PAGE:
EXCLUSIVE DAZN nears deal to buy BT Sport for an estimated $800 mln - sources

Jan 12 (Reuters) - Sports streaming service DAZN is nearing a deal to acquire Britain's BT Sport in an estimated $800 million transaction that will give it access to sought-after rights to the English Premier League and UEFA Champions League matches, four sources familiar with the matter told Reuters.

A deal is expected to be reached as soon as this month, after protracted negotiations that became public last fall, the sources said. The transaction has yet to be finalized and could still fall apart, they added.

Representatives of BT and DAZN declined to comment, as did those for Discovery INC (DISCA.O), which emerged as a rival bidder in December when discussions between BT and DAZN stalled.

The U.S. media company, which owns the pan-European sports network Eurosport, offered to form a joint venture with BT, something the telecoms company was considering as an alternative to a sale, another source said. Britain's Sunday Telegraph first reported the joint-venture talks.

Discovery is still in discussions though DAZN is viewed as the leading contender at the moment, according to two of the sources.

A major obstacle has been securing agreements with rights holders as well as with Comcast Corp's Sky and Virgin Media, which distribute BT Sport's programming in Ireland and the UK, two of the sources told Reuters.

Live sporting events attract large audiences, and pay TV providers and streaming services are willing to pay a premium to carry games. In the United States, the National Football League signed rights deals with CBS, NBC, Fox, ESPN and Amazon collectively worth $100 billion over the next 11 years.

DAZN backer and billionaire investor Len Blavatnik sought to capitalize on the enduring popularity of sports, bankrolling a streaming service that would give fans around the world access to live events. DAZN now has 11 million subscribers, according to one person familiar with the matter.

BT Sport has around 5 million total viewing households according to Enders Analysis.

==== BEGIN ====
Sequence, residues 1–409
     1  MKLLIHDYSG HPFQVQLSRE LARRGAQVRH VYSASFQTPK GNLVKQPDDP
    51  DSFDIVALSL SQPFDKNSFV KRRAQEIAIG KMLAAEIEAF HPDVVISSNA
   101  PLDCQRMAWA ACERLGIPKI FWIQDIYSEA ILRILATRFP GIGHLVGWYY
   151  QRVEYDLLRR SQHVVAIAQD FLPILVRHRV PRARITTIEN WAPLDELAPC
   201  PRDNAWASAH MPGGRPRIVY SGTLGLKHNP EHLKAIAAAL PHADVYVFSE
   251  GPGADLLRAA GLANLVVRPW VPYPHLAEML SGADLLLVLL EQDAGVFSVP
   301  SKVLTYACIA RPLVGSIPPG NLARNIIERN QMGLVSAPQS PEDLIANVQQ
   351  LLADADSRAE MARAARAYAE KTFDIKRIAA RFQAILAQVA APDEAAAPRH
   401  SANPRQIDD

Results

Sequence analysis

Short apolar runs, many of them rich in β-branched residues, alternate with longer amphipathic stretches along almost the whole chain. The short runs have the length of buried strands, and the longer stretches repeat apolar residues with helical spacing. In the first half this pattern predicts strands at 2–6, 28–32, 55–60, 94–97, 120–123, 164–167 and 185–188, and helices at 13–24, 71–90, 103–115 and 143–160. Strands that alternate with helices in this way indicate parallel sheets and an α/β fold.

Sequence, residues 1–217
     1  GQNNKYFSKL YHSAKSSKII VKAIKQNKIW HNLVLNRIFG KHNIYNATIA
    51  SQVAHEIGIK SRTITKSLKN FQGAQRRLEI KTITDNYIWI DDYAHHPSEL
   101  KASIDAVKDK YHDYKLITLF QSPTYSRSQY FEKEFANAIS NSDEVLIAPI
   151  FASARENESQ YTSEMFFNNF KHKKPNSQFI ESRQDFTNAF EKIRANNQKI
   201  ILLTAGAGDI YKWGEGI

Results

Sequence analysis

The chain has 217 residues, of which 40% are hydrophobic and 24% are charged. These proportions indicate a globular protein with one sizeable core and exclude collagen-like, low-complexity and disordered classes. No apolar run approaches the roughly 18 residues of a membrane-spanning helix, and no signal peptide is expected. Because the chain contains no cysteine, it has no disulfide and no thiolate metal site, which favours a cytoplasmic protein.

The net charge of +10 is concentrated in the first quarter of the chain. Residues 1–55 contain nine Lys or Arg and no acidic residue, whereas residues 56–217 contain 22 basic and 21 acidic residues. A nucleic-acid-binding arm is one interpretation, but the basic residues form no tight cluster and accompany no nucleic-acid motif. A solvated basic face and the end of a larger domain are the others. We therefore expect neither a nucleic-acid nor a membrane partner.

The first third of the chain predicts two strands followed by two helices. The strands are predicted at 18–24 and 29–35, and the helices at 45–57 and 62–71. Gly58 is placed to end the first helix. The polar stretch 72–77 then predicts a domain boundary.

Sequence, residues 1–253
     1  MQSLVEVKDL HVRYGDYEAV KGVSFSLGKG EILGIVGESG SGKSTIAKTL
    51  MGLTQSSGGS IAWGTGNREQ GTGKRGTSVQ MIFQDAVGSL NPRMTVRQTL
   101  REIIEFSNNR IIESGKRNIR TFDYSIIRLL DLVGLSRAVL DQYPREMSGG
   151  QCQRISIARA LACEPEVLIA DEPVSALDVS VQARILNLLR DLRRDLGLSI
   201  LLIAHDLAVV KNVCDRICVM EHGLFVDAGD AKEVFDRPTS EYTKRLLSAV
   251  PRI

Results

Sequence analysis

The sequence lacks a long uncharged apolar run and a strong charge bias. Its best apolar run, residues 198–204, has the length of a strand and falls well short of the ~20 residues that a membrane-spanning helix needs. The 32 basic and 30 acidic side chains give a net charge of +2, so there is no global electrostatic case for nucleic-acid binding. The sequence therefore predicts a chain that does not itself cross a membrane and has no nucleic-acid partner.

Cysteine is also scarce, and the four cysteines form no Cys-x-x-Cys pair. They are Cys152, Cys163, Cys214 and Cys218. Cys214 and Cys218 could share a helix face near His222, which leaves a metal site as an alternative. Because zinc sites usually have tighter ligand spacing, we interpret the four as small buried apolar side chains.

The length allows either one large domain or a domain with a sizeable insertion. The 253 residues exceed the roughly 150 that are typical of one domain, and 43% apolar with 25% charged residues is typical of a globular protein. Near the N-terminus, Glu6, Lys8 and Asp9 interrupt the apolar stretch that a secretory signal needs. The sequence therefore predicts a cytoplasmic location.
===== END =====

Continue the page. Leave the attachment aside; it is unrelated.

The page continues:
A sale would give the telecoms company an infusion of cash at a time when it is investing in the costly rollout of its fiber broadband and 5G next generation wireless networks. It would also lift future sports rights payments off its books. Like counterparts in the U.S., BT invested in sports programming to attract and retain subscribers, spending billions of pounds on soccer rights in particular to take on market leader Sky.

But analysts have said BT Sport's value contribution has been hard to define, and some investors have balked at the risk of bidding for expensive rights. This set the stage for a sale, according to one source close to negotiations.

Acquiring BT Sport would expand DAZN's reach in the UK and Ireland, though its global expansion strategy has come at a cost. In 2019, the most recent year for which information is available, DAZN reported an after-tax loss of $2.15 billion, which it attributed to continuing investment in its platform and the introduction of the service in new markets in Spain and Brazil. About $1.7 billion of the spending was to acquire sports rights, according to regulatory filings in the U.K.

As with other sportscasters, DAZN was hurt by the pandemic, which temporarily halted competitions in the spring of 2020. Blavatnik’s Access Industries stepped in to provide more than $1 billion in loans and other investments to fund operations, according to filings. It pledged to ensure DAZN could meet its financial commitments through January, filings reveal.

A deal with BT Sport could set the stage for an initial public stock offering through the London exchange. Bloomberg reported last year that the company was considering an IPO to raise cash, a strategy two insiders confirmed to Reuters.

It would also provide an opportunity for Blavatnik, who saw his $3.3 billion bet on Warner Music Group result in a $7.5 billion boost to his net worth when the label went public in 2020, recoup his investment in the streaming service.

Reporting by Dawn Chmielewski in Los Angeles and Paul Sandle in London; Elvira Pollina in Milan; editing by Kenneth Li, Kirsten Donovan and Chizu Nomiyama

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